While our intrepid reporters and all-knowing, all-powerful editors are taking a much deserved (according to them) snooze, another extraordinary milestone was reached in Iraq.
Deaths of US soldiers from combat are the lowest ever:
Five American troops died in July as a result of combat in Iraq, by far the lowest monthly U.S. death toll of the five-year war.
"As conditions permit" is exactly in tune with John McCain and, according to the most recent polls, the American people. No doubt contributing to the support for McCain's position by the people is the low casualty rate. Whether that can be maintained against an expected surge in violence by the remnants of al-Qaeda and Iranian backed militias as we approach the election remains to be seen.
The number of Iraq-related American troop fatalities in July -- a total of 13 when noncombat deaths and the discovered bodies of two missing soldiers are included -- is a dramatic drop from just over a year ago, when more than 100 troops a month were confirmed dead for several months in a row.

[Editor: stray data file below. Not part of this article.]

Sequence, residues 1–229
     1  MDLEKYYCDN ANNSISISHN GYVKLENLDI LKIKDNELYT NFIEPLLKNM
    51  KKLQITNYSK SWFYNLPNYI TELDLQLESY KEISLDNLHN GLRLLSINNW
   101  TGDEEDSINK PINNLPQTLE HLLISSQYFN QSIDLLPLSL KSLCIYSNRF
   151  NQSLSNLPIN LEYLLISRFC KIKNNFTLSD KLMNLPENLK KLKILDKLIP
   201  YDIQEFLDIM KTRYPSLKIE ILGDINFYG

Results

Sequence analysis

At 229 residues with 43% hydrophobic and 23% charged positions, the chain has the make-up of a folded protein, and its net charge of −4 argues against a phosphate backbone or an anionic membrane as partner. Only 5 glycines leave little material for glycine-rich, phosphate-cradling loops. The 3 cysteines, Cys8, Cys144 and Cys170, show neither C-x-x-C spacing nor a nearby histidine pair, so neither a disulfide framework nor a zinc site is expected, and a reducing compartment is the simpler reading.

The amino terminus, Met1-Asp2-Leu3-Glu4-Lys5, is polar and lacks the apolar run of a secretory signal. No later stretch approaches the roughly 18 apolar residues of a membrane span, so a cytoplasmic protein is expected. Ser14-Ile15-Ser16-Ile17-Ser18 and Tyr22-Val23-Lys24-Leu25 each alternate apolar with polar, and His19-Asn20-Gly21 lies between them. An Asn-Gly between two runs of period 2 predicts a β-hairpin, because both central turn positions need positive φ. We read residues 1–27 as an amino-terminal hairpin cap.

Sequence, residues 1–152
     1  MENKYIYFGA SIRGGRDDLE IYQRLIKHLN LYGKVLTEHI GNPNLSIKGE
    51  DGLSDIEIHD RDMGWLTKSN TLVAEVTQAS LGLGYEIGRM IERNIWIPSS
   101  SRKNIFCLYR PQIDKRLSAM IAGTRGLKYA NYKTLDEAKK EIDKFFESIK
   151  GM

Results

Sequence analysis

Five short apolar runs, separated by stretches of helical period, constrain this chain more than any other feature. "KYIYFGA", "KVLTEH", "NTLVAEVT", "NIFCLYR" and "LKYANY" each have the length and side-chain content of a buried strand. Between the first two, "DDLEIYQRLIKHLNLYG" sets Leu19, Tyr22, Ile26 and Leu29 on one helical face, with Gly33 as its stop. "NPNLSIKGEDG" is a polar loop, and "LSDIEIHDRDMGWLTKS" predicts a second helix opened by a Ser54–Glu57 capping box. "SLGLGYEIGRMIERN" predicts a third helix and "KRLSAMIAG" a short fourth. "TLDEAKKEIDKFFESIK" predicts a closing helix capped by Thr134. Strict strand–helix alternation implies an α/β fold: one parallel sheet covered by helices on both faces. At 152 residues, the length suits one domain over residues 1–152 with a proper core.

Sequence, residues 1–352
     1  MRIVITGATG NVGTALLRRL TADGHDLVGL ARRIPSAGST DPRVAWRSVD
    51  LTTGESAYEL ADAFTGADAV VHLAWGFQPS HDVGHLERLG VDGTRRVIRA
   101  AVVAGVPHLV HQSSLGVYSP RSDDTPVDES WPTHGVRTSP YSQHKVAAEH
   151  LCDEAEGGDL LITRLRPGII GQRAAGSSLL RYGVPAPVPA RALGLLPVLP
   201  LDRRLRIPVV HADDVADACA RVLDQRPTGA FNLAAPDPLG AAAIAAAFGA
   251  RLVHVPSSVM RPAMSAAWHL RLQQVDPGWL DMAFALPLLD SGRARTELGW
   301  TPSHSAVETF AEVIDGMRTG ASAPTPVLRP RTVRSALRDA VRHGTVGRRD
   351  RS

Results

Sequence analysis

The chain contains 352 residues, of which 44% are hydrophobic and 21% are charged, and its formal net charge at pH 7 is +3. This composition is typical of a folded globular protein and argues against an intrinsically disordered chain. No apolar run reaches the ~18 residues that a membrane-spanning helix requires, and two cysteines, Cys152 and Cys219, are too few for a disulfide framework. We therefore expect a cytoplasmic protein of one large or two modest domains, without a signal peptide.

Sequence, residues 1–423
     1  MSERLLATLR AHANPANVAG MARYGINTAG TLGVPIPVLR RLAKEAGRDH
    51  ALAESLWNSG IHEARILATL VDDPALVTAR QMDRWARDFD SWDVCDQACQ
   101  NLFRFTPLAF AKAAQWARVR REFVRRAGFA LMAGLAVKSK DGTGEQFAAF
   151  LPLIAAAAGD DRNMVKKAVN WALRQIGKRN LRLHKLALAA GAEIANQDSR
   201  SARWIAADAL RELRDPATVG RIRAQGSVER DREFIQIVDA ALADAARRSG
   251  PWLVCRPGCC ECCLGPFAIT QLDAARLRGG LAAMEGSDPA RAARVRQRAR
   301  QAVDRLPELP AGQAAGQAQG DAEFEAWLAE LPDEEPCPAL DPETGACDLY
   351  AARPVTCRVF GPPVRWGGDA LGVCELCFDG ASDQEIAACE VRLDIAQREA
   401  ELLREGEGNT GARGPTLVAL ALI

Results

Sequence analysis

In a brief statement at the White House early Thursday, President Bush suggested that the decreasing violence in Iraq would allow him to withdraw additional U.S. troops before he leaves office. He said that the top American commander in Iraq, Gen. David H. Petraeus, would make recommendations in September for "further reductions in our combat forces, as conditions permit."
But for now, this is fantastic news - even if few are reporting it or giving it much prominence.